Client day 2016!
Grayling on the Agulapak River. From left to right, Academy Student and Guide, Savannah Sage, with “clients” Trout Unlimited Vice President of Western Conservation, Rob Masonis, and Alaska Program Communications Specialist and Academy co-coordinator, Jenny Weis. Photo by Nanci Morris Lyon
Client Day of the Bristol Bay Fly Fishing and Guide Academy is here. Today, the local youth of this rural region of Southwest Alaska will show off the new skills they’ve learned throughout the week. This year, we’re at Mission Lodge on Lake Aleknagik in the heart of Bristol Bay’s world-class salmon country.
Our 13 teenage students somehow all made it on time for 7:30 breakfast even though I know they were up beyond curfew tying dolly lamas and mayflies to have ready for their incoming clients. After eating, they anxiously asked the instructors last minute questions about what to do if their client didn’t have a fishing license or what time their planes were leaving.
Slowly at first and then in a wave, the clients arrived, the students introduced themselves and found them waders, and I could see their nerves relax once they realized how friendly all the clients are. Everyone accounted for; we loaded into six floatplanes and began our day. Though an instructor the rest of the week, I was lucky enough to get to be a ‘client’ and headed out with the group.
The mouth of the Agulapak River at Lake Aleknagik from the float plane. Photo by Rich Johnson
Client Day is the “final exam,” where students are expected to apply the new skills they’ve learned throughout the week at the Academy on fishing, guiding, safety, customer service, reading a river (and more!), to guide an unfamiliar member of the community through a day on the water. And hopefully, have some fun doing it. The goal of the Academy is to prepare local youth of Bristol Bay for guiding jobs in one of the many lodges throughout the region.
Along with many of the other successes of this week, the weather was stunning once again, as if mirroring the mood of our group. The nearby peaks were brightly lit by the sunshine and the water was a deep, shimmering blue. As we sat in the plane, the other “clients” and I relaxed with the low buzz of the plane and took in the scenery all around us.
After our floatplane landed at the mouth of the Agulapak River, my guide, Savannah, directed us toward our boat and we were off. She picked a spot to get started and we got out to set up our rods. Savannah tied a fly (that she’d tied herself) on my leader and gave me a few pointers for catching grayling and rainbows, which were rising all around us.
Student/Guide Sam preps his boat for his clients. Photo by Rich Johnson
Throughout the afternoon, Savannah showed us where to cast, gave us pointers, changed our leaders, and most importantly, netted a LOT of fish for us. She offered us lunch, water and changed out our flies when the action got slow. She did everything right. It was fun… the fish were biting, the weather was cooperating and our guide was awesome. Couldn’t ask for anything more.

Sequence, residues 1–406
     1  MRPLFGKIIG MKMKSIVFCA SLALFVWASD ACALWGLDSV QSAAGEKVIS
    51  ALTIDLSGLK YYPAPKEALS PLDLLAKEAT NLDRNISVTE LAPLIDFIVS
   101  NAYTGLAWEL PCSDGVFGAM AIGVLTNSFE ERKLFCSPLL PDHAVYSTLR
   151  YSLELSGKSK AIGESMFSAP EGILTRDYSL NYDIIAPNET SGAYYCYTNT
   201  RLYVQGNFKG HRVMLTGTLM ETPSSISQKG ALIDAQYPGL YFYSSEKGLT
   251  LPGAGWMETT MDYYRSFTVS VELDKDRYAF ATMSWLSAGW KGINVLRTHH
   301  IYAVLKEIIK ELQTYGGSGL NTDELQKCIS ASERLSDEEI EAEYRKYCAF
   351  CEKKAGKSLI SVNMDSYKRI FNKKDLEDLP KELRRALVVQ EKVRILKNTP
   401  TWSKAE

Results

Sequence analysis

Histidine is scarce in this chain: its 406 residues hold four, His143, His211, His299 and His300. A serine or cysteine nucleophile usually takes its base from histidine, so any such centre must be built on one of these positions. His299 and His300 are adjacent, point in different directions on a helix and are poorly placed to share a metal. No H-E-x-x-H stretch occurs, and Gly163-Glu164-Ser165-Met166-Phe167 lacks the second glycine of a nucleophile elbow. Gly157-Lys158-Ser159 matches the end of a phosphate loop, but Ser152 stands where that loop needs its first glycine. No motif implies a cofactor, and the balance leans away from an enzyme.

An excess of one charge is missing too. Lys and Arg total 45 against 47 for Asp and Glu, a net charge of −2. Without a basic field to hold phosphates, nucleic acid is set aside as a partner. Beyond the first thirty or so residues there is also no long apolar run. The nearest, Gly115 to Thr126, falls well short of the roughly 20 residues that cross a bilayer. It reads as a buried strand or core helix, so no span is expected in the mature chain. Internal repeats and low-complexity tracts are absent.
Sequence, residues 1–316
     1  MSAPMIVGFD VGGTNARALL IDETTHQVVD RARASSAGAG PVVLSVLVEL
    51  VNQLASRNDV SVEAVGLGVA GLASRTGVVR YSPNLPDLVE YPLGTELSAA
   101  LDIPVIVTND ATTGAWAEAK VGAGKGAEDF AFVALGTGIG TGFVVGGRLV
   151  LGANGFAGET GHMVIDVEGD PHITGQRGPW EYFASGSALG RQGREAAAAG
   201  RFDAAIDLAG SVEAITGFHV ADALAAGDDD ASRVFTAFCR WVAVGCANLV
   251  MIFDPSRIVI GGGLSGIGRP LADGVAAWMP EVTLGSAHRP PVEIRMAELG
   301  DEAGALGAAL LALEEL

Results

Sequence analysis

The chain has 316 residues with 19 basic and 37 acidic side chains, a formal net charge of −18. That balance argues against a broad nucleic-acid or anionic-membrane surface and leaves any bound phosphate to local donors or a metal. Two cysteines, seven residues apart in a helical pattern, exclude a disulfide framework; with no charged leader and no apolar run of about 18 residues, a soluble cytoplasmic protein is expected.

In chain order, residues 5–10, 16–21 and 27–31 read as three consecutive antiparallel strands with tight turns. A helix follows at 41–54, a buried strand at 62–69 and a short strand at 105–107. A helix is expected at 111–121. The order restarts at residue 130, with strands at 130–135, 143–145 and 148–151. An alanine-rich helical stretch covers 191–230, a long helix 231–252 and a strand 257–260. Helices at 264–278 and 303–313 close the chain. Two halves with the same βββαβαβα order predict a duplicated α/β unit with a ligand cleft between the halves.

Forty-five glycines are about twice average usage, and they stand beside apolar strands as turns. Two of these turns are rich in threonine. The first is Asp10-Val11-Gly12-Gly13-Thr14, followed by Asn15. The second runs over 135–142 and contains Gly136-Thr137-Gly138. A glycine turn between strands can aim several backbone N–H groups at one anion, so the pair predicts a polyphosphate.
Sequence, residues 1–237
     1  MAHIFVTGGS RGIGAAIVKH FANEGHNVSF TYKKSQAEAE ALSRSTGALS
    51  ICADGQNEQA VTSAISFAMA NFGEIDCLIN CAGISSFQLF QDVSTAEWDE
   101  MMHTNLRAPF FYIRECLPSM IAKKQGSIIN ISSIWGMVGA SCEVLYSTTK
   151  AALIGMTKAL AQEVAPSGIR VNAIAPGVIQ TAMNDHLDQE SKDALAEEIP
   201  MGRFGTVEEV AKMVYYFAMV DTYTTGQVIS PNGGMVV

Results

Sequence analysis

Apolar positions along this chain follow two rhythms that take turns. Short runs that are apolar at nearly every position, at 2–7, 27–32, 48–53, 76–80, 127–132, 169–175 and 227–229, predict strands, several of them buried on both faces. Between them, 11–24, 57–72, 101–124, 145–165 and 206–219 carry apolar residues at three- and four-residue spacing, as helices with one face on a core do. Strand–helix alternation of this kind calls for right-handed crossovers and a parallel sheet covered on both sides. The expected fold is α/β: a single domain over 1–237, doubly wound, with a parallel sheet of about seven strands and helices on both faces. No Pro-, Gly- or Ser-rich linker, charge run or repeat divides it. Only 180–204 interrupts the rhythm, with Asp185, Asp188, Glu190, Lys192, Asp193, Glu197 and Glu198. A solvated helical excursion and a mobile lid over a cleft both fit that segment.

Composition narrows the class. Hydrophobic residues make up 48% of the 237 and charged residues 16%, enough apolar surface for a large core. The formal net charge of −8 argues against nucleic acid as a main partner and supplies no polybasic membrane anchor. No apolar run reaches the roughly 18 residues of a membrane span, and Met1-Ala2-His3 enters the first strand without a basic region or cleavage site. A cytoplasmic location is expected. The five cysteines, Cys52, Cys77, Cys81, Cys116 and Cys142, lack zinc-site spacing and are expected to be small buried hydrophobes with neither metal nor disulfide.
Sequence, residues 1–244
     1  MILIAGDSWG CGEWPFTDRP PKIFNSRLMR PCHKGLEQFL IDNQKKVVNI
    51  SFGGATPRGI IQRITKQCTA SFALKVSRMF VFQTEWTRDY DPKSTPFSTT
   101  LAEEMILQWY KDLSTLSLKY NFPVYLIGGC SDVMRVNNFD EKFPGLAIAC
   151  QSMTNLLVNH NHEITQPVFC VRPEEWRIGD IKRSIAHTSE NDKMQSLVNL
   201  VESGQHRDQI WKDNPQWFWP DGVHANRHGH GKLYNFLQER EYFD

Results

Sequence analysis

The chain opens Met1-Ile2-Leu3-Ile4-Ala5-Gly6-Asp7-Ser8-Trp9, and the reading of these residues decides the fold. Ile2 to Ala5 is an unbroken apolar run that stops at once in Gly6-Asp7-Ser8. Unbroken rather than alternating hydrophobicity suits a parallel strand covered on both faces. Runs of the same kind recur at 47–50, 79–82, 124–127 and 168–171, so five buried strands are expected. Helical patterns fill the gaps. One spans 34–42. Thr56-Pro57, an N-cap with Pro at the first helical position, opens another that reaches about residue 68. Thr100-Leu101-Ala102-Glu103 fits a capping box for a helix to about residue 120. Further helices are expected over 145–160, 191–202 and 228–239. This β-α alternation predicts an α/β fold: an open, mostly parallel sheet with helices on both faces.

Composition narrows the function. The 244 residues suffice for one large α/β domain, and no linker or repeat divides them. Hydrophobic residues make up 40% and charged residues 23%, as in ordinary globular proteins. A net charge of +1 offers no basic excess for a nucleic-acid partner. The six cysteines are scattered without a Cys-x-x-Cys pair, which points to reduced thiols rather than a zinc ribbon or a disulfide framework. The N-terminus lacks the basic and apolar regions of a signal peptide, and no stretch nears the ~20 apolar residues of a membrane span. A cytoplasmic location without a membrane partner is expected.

Back at the lodge in the evening, we learned that most clients had a similarly enjoyable time. The group was happy, full of stories, a sense of accomplishment and utterly exhausted from so much fresh air and sunshine.
After an excellent dinner prepared by Mission Lodge, the clients stood up to share about their day. The stories and pride for the students’ accomplishments were amazing as ever.
Lead instructor Nanci Morris Lyon (left) onlooks as ‘client’ Ben Ellis shares how his ‘guide,’ Travis did during their fishing trip. Photo by Rich Johnson
There are many aspects of the Guide Academy that are beneficial in the long-term to the students, local lodges and the region. Arming the next generation of leaders with conservation knowledge in “salmon country;” keeping jobs within the local, sustainable tourism economy; providing youth with new ideas for healthy recreation activities; bringing in members of the local communities who can share stories about the places that the tourists from the lower 48 are so curious about, and more. I could go on and on about all the benefits to this weeklong course.
But it’s always on client day that the immediate benefits to the students come into clearer focus than the many long-term goals. By that evening, the group has gained confidence and transformed from shy teenagers to well-equipped leaders. They’ve made new friends and they’re prepared for one of many jobs in the local fishing industry. The quiet ones have come out of their shells, and instead of asking “why,” they’re all asking, “what’s next?”
The 2016 class of the Bristol Bay Fly Fishing & Guide Academy passed their “final exam” with flying colors, and I can’t wait to see where they go (and what they’ll catch) from here.
The 2016 class of the Bristol Bay Fly Fishing & Guide Academy. Photo by Rich Johnson
Learn more about the Guide Academy online at http://www.bristolbayriveracademy.org or on our Facebook page.
The 2016 sponsors of the Bristol Bay Fly Fishing & Guide Academy include: Bristol Bay Heritage Land Trust, Trout Unlimited’s Alaska Program, Bristol Bay Native Corporation, Bristol Bay Economic Development Corporation, Bureau of Land Management, UAF- Bristol Bay Campus, Orvis, Alaska Sportsman’s Bear Trail Lodge, Mission Lodge, Alaska Fly Fishers and Mossy’s Fly Shop and Southwest Alaska Salmon Habitat Partnership (U.S. Fish & Wildlife Service).
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